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Comment: Re:Depends on direction of travel (Score 1) 163

by sandytaru (#47323471) Attached to: I suffer from jet lag ...
I'm about the same. Traveled two hours west for work this week and I basically just go to bed and wake up on my normal EST schedule, shifted thirty minutes or so. I call it moving to "grown up time." Back home I stay up til midnight and wake up at 7:30 AM. Here, I'll crash by 10PM and get up at 6AM. When I go back, resetting to my normal schedule takes no special effort at all.

Comment: How much reduced sleep is tied to long commutes? (Score 4, Insightful) 710

by sandytaru (#47311431) Attached to: Workaholism In America Is Hurting the Economy
I work my 45-50+ hours a week minimum like everyone else in tech land, but I also normally only have a 10 minute commute. (I'm currently visiting another office and the commute is 30 minutes from my hotel, bleah.)

I know people who are losing two hours of their life a day commuting each way, in addition to working our nasty hours, leaving fewer hours to actually live. It's either cut out eating or sleeping, and thus it's usually sleep that takes the hit.

I could make twice as much money if I committed to a horrible commute but I value my free time too much.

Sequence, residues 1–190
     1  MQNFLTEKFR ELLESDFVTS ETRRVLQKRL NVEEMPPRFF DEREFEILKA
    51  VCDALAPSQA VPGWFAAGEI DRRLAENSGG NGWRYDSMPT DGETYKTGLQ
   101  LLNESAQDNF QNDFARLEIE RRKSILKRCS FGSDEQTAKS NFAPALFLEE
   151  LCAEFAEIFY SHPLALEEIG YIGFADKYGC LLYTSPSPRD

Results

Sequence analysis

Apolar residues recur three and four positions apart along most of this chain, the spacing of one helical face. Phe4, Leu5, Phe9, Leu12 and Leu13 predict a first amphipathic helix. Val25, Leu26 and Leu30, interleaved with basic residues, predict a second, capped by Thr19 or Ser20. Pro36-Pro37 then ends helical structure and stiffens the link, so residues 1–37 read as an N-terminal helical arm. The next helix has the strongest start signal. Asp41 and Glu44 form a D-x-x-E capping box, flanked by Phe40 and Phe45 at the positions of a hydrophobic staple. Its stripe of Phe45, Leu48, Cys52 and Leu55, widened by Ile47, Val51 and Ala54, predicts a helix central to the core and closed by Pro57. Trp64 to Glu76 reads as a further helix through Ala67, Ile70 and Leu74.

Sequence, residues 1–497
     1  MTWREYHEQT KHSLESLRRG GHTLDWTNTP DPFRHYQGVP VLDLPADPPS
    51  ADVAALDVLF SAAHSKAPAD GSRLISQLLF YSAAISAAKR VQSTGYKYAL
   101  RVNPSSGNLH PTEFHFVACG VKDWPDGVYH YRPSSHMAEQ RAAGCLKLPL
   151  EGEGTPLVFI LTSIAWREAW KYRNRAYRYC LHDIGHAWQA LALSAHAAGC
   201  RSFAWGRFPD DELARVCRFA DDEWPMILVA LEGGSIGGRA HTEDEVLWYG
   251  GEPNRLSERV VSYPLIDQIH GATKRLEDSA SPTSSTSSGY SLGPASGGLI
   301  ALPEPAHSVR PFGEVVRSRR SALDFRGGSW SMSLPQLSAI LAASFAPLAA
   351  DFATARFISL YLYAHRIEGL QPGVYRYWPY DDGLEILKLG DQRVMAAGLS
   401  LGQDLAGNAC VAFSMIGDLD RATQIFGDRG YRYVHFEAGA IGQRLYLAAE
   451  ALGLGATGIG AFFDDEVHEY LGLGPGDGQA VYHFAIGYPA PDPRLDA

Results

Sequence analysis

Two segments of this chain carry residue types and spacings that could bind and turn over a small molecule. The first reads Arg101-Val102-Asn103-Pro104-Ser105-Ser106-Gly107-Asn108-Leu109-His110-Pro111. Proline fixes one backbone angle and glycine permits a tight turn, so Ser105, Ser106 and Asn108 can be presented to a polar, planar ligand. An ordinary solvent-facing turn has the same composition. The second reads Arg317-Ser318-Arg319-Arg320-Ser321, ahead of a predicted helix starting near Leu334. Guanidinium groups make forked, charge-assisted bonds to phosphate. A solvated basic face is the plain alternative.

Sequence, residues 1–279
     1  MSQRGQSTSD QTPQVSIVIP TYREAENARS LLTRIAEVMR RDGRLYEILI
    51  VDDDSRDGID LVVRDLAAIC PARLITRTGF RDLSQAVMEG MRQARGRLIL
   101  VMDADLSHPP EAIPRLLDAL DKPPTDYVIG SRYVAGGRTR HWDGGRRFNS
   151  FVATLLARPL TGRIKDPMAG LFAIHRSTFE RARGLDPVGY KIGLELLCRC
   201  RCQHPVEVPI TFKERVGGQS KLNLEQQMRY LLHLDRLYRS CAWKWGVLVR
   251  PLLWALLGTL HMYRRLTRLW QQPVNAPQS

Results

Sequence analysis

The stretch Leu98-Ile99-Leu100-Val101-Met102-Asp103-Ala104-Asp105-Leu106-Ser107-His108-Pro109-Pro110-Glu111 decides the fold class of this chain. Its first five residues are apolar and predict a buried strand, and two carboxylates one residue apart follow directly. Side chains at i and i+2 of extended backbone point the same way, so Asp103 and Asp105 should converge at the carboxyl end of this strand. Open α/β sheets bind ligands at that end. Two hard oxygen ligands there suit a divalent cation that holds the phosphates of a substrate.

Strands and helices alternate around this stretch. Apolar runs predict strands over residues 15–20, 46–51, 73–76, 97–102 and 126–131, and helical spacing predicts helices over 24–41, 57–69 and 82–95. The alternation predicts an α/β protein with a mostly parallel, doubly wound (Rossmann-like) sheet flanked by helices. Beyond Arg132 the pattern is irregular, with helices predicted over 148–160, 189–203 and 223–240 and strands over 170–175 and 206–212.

Comment: Re:Administrators (Score 1) 538

by sandytaru (#47293787) Attached to: Teaching College Is No Longer a Middle Class Job
I've talked to plenty of educators about it. I'm married to one. It really does depend on how each individual school board is approaching the situation. Some teachers love it, others hate it, but it all boils down to implementation and how much support the school board is giving the teachers. (And support, as always, boils down to money in a lot of cases.)

Comment: Re:Oligarch's Game (Score 1) 538

by sandytaru (#47293769) Attached to: Teaching College Is No Longer a Middle Class Job
Yep, the valedictorian of my high school went to Harvard under those terms. She was the eldest in an Army family. At best her father was pulling $40K/year.

I'm in GA, so my state university tuition was (at the time) completely covered as long as I maintained a B average. I was just on the hook for housing and food, and I committed to loans for that. I also worked, and had a VA stipend since my father was disabled, which covered what would have been my family's "expected contribution." My parents only really contributed about a thousand dollars over the course of my undergrad, mostly for furniture.

Comment: Re:Oligarch's Game (Score 2) 538

by sandytaru (#47291277) Attached to: Teaching College Is No Longer a Middle Class Job
I also sat down when considering colleges and looked at my choices. Due to income levels, Ivy Leagues were out for me, as was any private school. That left state schools. In-state tuition is cheaper than out of state, so that left local state schools. I wanted something bigger and better than a small community college or tech school, so that left the Research I and II schools.

I narrowed it down to four state universities, and was accepted to them all. In the end, I went for the slightly more expensive Big State U because I could move away from home (loved my parents but I was being suffocated) and because the brand name on the school would look good on my resume as long as I stayed in the same state. (Huge alumni network here.)